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Alcohol Brief Intervention in Community Pharmacy Publication in Addiction Journal

A clinical trial funded by Pharmacy Research UK has shown no beneficial effect of a brief alcohol intervention delivered by community pharmacists in reducing hazardous or harmful alcohol consumption. Alcohol intake has become a major public health challenge in the UK, driven by the complex relationships between consumption and overall health and social outcomes. Harmful drinking is identified as a pattern of alcohol consumption that is causing mental or physical damage whereas hazardous drinking refers to an increase in risk of harm from alcohol consumption.

Although the evidence base for brief interventions to reduce alcohol consumption is strong in primary care, there is less robust evidence for community pharmacy involvement. Community pharmacists have good access within different communities and are well positioned to assist with alcohol supports. In this instance researchers from King’s College London, Durham University and the University of York conducted a randomised controlled trial assessing the efficacy of a brief motivational discussion of approximately 10 minutes versus a leaflet-only approach in 16 community pharmacies in London. The results indicate no beneficial effect in reducing hazardous or harmful alcohol consumption using motivational discussion.

The brief intervention delivered by community pharmacists for this trial appeared to have no effect in reducing hazardous or harmful alcohol consumption. 

Continuing to implement alcohol brief intervention across pharmacies without evidence of its effectiveness in reducing risky alcohol use or an understanding of the particular features of the service which are required for a successful intervention is not recommended. 

However community pharmacy remains a promising setting to deliver alcohol brief intervention, future research could consider redesigning the alcohol brief intervention content for a larger-scale study. This could include extending and intensifying the training for pharmacy staff to help prepare community pharmacists to more effectively deliver alcohol brief intervention, as well as identify alternative means of targeting pharmacy customers for whom alcohol brief intervention could be effective.

– Ranjita Dhital, ‘Institute of Psychiatry, Psychology & Neuroscience’ King’s College London

Dr Rachel Joynes, Head of Research and Evaluation at the Royal Pharmaceutical Society (RPS) comments “We’ve seen evidence that screening for alcohol misuse in this setting is feasible but further larger scale studies are still needed to define effective interventions and approaches that pharmacist can integrate into their everyday practise. Studies like this highlight the potential of harnessing community pharmacies for research but in the case of alcohol misuse research also needs to be undertaken to investigate the patient side of the picture in terms of acceptability of interventions for users.”

For more information about involving communities pharmacies in research see the RPS ResearchReady programme.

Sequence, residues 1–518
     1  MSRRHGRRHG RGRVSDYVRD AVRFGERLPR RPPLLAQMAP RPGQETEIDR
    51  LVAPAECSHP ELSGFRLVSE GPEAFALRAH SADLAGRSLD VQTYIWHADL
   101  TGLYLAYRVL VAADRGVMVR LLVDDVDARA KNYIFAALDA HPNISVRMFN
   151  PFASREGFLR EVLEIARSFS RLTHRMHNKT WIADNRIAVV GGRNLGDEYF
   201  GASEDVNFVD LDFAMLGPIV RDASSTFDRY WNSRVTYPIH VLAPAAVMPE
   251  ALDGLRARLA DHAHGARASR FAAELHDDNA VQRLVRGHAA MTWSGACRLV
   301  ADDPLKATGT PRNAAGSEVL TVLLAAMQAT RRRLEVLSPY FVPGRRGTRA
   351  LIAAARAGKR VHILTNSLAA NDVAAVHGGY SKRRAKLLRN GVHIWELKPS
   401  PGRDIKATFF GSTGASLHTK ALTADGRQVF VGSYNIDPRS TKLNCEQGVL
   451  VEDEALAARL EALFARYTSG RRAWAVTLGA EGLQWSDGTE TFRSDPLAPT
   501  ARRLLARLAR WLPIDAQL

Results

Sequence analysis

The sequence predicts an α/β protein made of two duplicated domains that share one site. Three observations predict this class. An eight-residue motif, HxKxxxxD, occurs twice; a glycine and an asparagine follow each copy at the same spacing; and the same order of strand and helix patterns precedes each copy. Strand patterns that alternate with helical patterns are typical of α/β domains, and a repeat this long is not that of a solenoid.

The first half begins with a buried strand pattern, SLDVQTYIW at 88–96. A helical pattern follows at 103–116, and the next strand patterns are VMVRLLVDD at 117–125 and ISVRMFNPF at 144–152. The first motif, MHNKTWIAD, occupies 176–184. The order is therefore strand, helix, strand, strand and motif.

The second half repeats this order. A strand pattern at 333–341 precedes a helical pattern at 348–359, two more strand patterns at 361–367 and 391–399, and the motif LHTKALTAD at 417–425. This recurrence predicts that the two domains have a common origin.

More information about the results of the project can be found below and here.

Background:

This thesis aimed to address the knowledge gap of the delivery of alcohol brief intervention (BI) from community pharmacies. The research aimed to design and implement an alcohol BI in community pharmacy delivered by pharmacists, and to assess its effectiveness to reduce harmful and hazardous drinking of pharmacy customers. The programme of work, reported in this thesis, comprise four related studies conducted within the first three phases of the Medical Research Council’s (MRC) framework for developing and evaluating complex healthcare interventions. 

Methods:

The four studies comprised of: i) purposive sampling survey of pharmacy customers’ views of a potential alcohol BI delivered by community pharmacists to determine service utilisation; ii) assessment of pharmacists’ attitudes, knowledge and views to delivering alcohol BI and to determine if these variables were related to alcohol BI delivery; iii) focus group study to identify range of barriers and enablers experienced by low-, moderate- and high-activity pharmacists to alcohol BI delivery; iv) apply findings from subsequent phases of the study to design and deliver the first known randomised controlled trial to assess the effectiveness of pharmacy alcohol BI.

Results:

Pharmacy customers were positive about participating in alcohol BI. Pharmacist motivation evaluated using the Short Alcohol and Alcohol Problems Perception Questionnaire (SAAPPQ), and role adequacy and work satisfaction improved among ‘active’ pharmacists. Training and support were identified as important factors influencing service delivery. At three months 326 (80% overall; 82% intervention, 78% control) participants were followed up. The difference in reduction in total Alcohol Use Disorder Identification Test (AUDIT) score (intervention minus control) was -0.57 95% CI -1.59 to 0.45, p = 0.28. 

Conclusions:

A brief intervention delivered by community pharmacists appeared to have no effect in reducing hazardous or harmful alcohol consumption. Community pharmacy remains a promising setting to deliver alcohol BI, future studies could consider redesigning the alcohol BI content for a larger-scale study, extending training for pharmacy staff, and identify alternative means of targeting pharmacy customers for whom alcohol BI could be effective.

 

  1. Dhital, R., Norman, I., Whittlesea, C., Murrells, T. & McCambridge, J. (2015)

The effectiveness of brief alcohol interventions delivered by community pharmacists: randomised controlled trial. Addiction (accepted for publication), doi: 10.1111/add.12994.

 

 

 

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